- Date: 29 January 2013
- Artform: Museums, Visual arts
- Area: National
The Public Catalogue Foundation (PCF) has completed a 10-year project to digitise and make accessible online the UK's entire collection of publicly-owned oil paintings. The paintings are now available on the Your Paintings website for free alongside BBC TV documentary archive and biographical information for selected artists.
The UK's national oil painting collection includes some 211,861 paintings across the UK. This collection encompasses paintings not only held by museums but also works in universities, town councils, hospitals and even paintings held in police stations, fire stations and a lighthouse. It also includes the Arts Council Collection.
Eighty per cent of the works in the public collection are not on display while the vast majority had never been photographed before. The PCF's Head of Research and Digitisation Katey Goodwin has visited many of the 2,800 collections covered by the photography project. The PCF's most northerly destination was the Unst Heritage Centre on the island of Unst, the northernmost of the Shetland Islands. The most southerly collection was in Elizabeth Castle on a rocky islet in St Aubin's Bay, Jersey just 14 miles west of the coast of France.
Clearing copyright for paintings published online is a challenging but vital part of the PCF's work. The organisation carries out this process themselves to ensure they publish as complete and comprehensive a record of the nation's oil paintings as possible while respecting the rights of copyholders.
Helping users easily find their way around the 210,000 paintings on the Your Paintings website was an important consideration for the PCF. In the past, only basic data (such as artist names and painting titles) was usually collected when cataloguing works of art. The PCF wanted to make Your Paintings as useful as possible, allowing people to find paintings by subject matter, painting technique, style or even art movement.
The PCF could not afford to pay experts to systematically catalogue all 210,000 paintings. So, the public has been invited to add keywords or to 'tag' the nation's paintings on the Your Paintings Tagger website. You can hear more about this in our Digital R&D podcast on data and archives.
Another challenge has been spreading the word about the tagging project. The number of people participating has been lower than expected. So the PCF is encouraging the public to tag paintings in ways that relate to them: for instance, tagging those found in their local area.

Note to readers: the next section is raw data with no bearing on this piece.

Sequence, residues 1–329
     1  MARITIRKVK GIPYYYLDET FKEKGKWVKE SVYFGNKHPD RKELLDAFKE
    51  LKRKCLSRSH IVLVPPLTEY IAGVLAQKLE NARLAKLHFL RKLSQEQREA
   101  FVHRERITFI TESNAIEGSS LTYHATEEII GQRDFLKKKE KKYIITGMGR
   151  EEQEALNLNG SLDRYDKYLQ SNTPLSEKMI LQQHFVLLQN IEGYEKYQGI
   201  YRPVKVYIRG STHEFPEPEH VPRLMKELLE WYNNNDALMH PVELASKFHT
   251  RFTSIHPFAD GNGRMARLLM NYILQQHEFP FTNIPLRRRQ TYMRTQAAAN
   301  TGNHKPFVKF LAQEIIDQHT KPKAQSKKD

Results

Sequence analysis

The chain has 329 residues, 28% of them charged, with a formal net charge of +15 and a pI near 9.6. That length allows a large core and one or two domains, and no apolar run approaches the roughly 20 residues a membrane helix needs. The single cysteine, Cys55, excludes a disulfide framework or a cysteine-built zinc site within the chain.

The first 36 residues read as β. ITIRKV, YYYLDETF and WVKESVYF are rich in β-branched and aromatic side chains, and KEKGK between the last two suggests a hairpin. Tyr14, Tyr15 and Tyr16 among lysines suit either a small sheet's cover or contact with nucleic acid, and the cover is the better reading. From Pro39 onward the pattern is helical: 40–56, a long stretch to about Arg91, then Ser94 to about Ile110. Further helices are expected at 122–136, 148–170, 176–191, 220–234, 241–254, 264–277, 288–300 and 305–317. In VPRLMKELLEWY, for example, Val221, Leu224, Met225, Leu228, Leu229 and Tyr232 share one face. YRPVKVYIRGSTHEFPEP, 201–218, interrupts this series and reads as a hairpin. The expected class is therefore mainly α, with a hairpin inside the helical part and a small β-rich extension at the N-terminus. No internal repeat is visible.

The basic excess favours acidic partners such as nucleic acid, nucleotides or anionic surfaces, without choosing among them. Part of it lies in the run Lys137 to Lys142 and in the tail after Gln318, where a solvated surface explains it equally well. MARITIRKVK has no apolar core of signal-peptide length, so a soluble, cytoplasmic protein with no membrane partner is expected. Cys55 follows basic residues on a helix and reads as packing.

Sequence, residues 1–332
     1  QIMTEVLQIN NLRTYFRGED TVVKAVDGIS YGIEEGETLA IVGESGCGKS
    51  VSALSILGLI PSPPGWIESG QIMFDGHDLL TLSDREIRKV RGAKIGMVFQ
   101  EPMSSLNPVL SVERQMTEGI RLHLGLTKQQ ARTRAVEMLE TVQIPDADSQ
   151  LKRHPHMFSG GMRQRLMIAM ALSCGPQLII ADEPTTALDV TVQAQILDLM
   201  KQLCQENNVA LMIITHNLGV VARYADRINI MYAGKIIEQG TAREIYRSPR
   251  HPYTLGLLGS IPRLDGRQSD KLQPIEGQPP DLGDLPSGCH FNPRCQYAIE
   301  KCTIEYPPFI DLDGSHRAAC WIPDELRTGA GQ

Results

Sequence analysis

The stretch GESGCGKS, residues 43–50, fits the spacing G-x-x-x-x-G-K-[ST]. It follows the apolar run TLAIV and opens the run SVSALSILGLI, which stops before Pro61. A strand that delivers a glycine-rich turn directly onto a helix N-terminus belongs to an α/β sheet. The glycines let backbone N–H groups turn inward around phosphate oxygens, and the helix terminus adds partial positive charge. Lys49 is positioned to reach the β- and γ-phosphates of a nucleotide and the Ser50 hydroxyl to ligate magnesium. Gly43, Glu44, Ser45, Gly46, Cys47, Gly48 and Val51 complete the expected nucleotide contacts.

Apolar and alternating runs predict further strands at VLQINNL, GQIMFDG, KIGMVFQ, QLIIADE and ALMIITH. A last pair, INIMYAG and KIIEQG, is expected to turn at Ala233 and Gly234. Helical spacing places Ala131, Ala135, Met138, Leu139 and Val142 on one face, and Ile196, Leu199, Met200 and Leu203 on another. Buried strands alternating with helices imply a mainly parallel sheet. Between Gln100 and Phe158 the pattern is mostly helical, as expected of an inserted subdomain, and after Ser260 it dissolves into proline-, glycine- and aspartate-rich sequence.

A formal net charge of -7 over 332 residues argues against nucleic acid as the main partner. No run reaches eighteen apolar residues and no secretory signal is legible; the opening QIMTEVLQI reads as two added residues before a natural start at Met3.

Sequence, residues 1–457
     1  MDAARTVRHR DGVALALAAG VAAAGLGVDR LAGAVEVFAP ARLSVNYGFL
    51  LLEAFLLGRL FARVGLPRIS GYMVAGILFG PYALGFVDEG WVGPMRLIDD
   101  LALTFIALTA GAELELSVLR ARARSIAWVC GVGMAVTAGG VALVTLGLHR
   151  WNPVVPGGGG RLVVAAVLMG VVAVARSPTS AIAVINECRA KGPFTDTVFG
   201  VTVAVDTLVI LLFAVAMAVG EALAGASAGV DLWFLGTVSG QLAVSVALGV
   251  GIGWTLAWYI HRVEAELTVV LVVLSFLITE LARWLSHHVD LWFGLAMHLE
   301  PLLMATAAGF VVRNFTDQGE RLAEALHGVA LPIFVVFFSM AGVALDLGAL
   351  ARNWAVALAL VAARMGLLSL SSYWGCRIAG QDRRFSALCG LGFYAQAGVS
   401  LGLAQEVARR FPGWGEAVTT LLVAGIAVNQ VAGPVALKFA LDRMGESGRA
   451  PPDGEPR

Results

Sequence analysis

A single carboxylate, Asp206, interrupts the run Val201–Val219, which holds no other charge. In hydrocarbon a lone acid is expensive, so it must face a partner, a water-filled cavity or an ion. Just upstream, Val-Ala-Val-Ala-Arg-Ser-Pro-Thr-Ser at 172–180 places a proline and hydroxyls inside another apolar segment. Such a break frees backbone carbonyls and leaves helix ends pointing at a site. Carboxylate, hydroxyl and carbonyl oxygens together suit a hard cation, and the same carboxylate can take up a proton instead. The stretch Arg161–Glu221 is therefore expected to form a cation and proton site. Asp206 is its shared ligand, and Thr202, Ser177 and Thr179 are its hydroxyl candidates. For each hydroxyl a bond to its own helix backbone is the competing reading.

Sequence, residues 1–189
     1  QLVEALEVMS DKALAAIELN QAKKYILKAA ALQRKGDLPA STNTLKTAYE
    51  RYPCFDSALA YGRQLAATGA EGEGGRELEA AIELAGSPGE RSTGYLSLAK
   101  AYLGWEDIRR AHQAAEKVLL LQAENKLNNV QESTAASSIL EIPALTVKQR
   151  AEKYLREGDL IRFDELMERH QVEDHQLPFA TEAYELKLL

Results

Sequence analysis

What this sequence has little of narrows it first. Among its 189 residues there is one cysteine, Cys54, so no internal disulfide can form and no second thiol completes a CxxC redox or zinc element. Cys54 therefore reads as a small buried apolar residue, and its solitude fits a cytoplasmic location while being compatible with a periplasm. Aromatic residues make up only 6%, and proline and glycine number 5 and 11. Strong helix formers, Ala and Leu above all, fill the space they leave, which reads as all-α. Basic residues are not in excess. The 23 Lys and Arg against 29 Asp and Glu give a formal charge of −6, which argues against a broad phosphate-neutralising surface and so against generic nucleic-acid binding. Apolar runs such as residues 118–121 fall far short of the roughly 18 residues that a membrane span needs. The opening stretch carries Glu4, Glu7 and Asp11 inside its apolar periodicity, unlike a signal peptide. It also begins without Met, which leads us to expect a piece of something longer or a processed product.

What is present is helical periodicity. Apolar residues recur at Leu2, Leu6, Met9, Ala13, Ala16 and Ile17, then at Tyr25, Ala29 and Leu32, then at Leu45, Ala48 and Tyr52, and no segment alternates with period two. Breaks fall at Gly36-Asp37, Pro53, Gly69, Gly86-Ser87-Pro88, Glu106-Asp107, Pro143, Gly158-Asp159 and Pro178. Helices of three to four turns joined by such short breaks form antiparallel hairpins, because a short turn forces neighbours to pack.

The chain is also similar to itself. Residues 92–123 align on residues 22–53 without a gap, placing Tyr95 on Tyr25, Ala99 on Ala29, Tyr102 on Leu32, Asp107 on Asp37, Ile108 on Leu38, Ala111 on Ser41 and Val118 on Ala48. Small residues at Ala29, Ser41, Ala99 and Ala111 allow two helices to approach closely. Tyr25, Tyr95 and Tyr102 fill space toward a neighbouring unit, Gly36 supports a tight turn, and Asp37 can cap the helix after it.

The project received funding from the Arts Council and a number of other sources including: The Monument Trust, Esmée Fairbairn Foundation, the Stavros Niarchos Foundation and national sponsor Christie's. The majority of funding came from charitable trusts, about 20 per cent was from the public sector, with further donations received from individuals and businesses.
The PCF has forged strong relationships with a number of institutions for this project. One notable partnership was with the BBC, combining the PCF's content with their web expertise and audience reach. No money exchanges hands in this partnership. The principal academic partner was the University of Glasgow's Art History Department which was recently involved in the Your Paintings Tagger.
The Your Paintings Tagger website was also built with the help of the Citizen Science Alliance (CSA) based at Oxford University's Astrophysics Department. CSA supplies the behind-the-scenes maths which judges the statistical reliability of the information provided by the tagging public.
The entire Your Paintings project would not have been possible without the participation of more than 2,800 paintings collections across the UK.
The PCF has created free online access to the UK's entire national oil painting collection in public ownership. No other country has put its entire oil painting collection online.
The number of unique users to the Your Paintings website has increased considerably over the past few months, peaking at 240,000 in October 2012. This is due to increased linking of the site to other parts of the BBC and a general improvement in awareness and coverage in the press of the project.
The PCF have also received anecdotal evidence about Your Paintings driving website traffic to featured collections.
Follow the project on Twitter @Your_Paintings